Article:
Elephant Stalkers, Lion Warriors and Species on the Move
At today’s special session “The New Edge of Conservation”, leading practitioners of ecological conservation Katy Payne, Healy Hamilton and PopTech Fellow Paula Kahumbu walked us through some of the latest technologies being employed in their respective fields.
Animal communication expert Katy Payne played clips of whale and elephant songs and discussed how their ways of communication could inform ours. Real-time monitoring of a group of elephants displayed complex social interactions. Payne played a video clip of a baby elephant that, left unattended by an inexperienced mother, was alternately kidnapped and rejected by other female elephants. The language of elephants, Payne noted, is emerging to be, like ours, heavily influenced by emotion.
PopTech Fellow Paula Kahumbu of Wildlife Direct spoke on how her organization is helping to mobilize conservationists in protecting wildlife in central Africa. She explained how cattle-killing lions are being intentionally poisoned by cheap pesticides as humans increasingly encroach on their territory. Poisoning kills not only the lions, she said, but hyenas, vultures and other wildlife.
Lions have also traditionally been hunted by the nomadic Maasai people. Lion warriors, called “Moran”, used to kill a lion as a part of a cultural ritual into manhood, said Kahumbu. One Masai young man, Antony Kasanga, decided he wanted to protect lions rather than kill them, so he founded a group called the Lion Guardians. Kasanga began blogging with Wildlife Direct to tell the story of lions. By using the power of social media, Kasanga and other bloggers at Wildlife Direct are able to engage people all over the world in the importance of saving African wildlife. Wildlife Direct is now exploring new tools, such as partnering with PopTech alumn Ushahidi to provide real-time visualization of what’s happening on the ground, whether it be observing a rare species in its natural habitat or bearing witness to poaching.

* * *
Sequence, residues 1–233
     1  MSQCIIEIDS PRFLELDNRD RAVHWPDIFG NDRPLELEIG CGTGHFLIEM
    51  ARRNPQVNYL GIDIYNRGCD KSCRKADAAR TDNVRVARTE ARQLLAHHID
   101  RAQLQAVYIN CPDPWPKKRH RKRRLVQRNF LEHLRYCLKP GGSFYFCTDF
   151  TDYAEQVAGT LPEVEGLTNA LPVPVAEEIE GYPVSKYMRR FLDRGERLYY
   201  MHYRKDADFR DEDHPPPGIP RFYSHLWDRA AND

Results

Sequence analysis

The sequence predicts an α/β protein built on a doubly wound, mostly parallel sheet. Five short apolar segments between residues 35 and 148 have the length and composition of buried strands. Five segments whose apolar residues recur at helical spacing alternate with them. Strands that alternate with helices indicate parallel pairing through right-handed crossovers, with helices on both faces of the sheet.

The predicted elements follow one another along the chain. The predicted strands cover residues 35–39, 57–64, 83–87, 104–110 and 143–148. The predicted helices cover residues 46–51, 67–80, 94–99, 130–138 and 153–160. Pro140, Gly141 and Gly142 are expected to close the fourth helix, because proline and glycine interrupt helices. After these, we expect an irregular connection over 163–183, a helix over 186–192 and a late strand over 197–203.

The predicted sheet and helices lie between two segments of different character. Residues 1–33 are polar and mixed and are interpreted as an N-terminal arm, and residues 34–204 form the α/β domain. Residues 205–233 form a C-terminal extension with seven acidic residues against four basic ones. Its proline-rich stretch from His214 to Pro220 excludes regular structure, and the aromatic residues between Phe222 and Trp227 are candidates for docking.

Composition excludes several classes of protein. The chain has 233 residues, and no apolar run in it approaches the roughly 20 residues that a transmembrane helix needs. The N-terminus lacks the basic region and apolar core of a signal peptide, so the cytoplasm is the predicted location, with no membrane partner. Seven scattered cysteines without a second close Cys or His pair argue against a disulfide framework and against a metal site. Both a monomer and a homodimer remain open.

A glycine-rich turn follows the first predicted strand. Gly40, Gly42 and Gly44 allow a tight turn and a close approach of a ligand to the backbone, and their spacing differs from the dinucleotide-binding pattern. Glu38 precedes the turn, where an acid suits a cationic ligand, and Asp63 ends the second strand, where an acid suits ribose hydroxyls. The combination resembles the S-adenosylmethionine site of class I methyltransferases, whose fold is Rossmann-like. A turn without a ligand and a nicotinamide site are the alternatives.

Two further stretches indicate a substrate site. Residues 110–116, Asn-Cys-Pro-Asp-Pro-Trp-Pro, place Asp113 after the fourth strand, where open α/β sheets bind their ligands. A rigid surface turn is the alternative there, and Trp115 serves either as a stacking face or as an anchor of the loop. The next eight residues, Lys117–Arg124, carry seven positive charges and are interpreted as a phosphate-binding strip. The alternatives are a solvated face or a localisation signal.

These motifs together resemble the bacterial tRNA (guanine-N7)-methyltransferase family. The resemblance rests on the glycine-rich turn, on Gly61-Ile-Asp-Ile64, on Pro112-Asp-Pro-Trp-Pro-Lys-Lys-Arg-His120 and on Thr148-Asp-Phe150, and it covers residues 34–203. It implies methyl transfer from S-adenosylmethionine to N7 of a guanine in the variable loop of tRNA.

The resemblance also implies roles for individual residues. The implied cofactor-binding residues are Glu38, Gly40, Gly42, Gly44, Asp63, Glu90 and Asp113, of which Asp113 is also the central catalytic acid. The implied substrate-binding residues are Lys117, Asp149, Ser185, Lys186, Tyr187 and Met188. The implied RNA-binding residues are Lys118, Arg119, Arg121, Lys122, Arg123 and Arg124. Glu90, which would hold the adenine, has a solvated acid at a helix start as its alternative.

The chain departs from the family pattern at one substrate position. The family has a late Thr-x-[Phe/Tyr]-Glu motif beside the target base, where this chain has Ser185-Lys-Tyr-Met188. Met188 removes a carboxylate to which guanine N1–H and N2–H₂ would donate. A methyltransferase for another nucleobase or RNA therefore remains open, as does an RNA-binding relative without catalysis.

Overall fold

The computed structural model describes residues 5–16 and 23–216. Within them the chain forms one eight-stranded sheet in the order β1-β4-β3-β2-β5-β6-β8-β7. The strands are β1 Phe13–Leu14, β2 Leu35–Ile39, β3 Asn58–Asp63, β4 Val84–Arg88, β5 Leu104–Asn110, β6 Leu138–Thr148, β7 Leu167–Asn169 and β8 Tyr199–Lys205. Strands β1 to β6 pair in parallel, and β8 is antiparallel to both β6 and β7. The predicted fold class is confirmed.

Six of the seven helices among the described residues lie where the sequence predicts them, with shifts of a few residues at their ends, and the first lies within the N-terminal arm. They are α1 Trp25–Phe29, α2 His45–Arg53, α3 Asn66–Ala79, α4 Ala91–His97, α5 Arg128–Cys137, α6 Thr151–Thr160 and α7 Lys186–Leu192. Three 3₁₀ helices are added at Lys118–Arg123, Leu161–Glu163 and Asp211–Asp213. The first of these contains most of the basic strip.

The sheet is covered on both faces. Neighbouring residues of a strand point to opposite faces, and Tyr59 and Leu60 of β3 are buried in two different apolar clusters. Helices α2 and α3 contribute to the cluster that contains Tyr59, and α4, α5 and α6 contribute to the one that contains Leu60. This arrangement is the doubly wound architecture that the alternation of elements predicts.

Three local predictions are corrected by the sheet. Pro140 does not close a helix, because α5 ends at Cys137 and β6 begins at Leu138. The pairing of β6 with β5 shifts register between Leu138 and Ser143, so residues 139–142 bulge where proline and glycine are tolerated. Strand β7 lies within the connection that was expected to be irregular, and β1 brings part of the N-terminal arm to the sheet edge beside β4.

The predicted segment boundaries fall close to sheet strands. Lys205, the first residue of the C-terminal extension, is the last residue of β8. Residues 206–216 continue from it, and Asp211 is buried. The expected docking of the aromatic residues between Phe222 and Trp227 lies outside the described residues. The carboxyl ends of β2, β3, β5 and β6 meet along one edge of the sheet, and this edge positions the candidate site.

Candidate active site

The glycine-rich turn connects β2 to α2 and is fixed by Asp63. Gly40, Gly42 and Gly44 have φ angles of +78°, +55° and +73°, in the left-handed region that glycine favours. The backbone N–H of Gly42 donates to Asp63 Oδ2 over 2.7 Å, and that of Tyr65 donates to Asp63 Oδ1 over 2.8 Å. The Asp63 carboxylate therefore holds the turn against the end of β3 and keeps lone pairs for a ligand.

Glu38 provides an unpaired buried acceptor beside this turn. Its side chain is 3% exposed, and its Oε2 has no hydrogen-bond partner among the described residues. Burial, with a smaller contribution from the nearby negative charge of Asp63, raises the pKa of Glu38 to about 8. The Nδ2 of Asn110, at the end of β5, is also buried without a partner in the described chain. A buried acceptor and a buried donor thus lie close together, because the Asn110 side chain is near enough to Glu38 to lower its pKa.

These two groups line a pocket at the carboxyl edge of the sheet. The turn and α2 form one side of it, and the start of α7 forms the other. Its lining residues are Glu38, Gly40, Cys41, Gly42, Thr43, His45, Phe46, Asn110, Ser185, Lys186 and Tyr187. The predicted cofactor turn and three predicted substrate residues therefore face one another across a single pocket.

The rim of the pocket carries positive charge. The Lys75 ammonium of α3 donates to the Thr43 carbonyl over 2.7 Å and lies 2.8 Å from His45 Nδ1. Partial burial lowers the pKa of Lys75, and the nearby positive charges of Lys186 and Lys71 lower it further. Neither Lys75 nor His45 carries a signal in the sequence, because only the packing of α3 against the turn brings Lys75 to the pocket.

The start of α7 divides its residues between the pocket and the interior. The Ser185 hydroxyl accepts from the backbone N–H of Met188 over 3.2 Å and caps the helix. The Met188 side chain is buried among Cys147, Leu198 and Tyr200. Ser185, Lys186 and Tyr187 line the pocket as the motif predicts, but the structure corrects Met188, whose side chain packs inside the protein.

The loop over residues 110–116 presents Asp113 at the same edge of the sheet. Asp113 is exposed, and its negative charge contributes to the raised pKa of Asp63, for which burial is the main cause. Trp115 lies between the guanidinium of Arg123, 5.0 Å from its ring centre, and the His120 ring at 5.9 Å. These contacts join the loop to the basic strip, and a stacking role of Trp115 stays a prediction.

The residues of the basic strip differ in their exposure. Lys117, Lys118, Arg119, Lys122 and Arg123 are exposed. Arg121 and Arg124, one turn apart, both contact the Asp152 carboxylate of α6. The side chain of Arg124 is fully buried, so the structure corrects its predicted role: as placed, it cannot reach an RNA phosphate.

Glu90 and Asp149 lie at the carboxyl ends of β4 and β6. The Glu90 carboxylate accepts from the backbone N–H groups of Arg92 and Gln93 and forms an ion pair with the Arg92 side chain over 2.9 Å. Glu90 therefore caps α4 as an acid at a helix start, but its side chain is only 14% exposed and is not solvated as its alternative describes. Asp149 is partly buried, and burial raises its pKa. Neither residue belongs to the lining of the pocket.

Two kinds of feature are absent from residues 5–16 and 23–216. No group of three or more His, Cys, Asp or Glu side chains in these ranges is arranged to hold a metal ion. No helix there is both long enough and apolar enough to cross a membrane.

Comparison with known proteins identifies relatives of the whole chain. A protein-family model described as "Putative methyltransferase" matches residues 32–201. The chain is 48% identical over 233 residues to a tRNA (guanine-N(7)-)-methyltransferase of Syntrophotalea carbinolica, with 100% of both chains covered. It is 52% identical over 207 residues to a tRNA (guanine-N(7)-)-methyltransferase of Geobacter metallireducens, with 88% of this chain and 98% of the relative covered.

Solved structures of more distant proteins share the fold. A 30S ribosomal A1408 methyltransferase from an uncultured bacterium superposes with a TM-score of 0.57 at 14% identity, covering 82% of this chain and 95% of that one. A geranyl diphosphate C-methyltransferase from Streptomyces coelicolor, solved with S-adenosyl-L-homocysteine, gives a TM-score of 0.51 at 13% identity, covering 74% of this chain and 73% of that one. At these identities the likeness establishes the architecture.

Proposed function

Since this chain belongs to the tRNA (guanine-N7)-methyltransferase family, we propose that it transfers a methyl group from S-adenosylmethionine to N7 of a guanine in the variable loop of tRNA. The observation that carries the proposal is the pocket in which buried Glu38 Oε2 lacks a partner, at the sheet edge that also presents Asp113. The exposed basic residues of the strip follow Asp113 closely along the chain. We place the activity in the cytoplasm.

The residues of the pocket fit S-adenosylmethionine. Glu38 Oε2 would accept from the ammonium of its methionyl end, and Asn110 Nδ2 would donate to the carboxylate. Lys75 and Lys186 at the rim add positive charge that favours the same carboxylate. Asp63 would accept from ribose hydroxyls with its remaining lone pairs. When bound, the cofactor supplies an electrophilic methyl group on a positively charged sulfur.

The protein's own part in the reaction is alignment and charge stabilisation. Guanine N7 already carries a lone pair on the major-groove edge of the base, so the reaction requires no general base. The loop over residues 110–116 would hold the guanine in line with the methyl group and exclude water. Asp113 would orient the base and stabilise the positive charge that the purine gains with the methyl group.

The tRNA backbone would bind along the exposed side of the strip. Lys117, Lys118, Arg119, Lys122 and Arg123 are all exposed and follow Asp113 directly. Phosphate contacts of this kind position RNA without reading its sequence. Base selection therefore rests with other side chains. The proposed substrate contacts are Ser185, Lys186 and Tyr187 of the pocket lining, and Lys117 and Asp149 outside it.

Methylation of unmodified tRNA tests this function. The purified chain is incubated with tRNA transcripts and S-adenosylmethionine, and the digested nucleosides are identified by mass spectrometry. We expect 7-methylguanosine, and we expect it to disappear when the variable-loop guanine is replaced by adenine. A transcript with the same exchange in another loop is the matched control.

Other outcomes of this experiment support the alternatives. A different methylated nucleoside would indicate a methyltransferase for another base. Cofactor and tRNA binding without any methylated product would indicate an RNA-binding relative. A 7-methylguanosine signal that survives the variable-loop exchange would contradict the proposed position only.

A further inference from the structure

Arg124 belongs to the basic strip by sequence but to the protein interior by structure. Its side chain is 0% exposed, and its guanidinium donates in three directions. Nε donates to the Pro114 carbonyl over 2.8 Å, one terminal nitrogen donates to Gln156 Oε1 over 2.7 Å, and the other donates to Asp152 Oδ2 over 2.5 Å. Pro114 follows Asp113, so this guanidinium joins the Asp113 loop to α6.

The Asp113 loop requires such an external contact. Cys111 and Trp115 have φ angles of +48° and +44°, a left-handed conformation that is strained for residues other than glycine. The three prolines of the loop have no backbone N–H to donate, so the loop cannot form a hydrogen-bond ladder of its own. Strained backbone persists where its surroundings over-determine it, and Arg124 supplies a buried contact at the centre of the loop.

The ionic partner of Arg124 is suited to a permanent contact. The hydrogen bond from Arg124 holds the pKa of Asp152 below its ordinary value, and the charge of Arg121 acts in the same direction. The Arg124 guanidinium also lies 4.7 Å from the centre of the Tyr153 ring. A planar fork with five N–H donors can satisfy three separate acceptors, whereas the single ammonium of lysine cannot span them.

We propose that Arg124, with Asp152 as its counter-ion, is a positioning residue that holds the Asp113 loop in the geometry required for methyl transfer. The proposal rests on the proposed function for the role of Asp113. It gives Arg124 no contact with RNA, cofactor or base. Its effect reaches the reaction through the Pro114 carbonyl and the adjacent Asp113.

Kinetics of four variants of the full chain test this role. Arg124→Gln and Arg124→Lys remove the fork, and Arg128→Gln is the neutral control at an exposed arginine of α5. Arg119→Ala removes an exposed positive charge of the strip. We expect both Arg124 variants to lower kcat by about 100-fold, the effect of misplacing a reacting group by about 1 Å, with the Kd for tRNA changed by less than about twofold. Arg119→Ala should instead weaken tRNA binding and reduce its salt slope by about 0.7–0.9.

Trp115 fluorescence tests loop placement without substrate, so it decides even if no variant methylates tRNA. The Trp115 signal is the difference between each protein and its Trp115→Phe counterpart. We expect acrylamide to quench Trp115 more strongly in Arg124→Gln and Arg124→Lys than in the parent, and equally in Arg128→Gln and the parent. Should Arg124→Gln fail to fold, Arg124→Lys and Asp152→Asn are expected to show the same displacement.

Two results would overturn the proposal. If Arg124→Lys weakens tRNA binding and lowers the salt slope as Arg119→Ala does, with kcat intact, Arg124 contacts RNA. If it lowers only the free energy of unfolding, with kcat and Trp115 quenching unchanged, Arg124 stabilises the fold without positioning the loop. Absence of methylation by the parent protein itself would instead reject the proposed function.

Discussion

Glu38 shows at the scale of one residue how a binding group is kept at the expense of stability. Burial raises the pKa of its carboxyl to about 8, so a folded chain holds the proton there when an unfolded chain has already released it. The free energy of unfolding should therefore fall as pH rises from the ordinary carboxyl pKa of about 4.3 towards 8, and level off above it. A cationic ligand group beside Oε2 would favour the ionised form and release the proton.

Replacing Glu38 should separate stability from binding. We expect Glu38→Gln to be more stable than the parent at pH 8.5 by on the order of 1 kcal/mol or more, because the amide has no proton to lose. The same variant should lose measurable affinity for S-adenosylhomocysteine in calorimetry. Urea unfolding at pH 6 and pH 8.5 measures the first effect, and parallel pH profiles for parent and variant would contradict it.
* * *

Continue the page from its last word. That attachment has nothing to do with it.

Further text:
Biodiversity researcher Healy Hamilton wants us to also take a broader view of conservation. Rather than looking at individual parks and species, she says, we should look at how climate change is impacting the environment as a whole. Emphasizing the importance of an animal’s ability to roam to find food, mates and shelter, she traced the steps of a wolverine wearing a satellite radio collar. Researchers found that his territory included hundreds of square miles (including scaling the highest peak of Glacier National Park in the middle of winter).
Her campaign Freedom to Roam uses “connectivity conservation” to create landscapes that allow animals and humans to co-exist. Creating wildlife corridors (such as bridges and tunnels so that animals can cross roads) will connect otherwise isolated patches of habitat and allow species to roam, thus ensuring a thriving and diverse wildlife population. Diverse groups of people like hunters and treehuggers need to work together to protect wildlife or we’ll end up with a species-poor plant and animal population.
All of these tools are providing new insight and data about how we as a species are impacting our environment. As Healy Hamilton observed, this is the first time we’ve been able to really measure change as it is happening around us. But, Paula Kahumbu reminded us, “technology won’t change the world; changing our hearts will.”
Photo credit: Shashi Bellamkonda/@shashib
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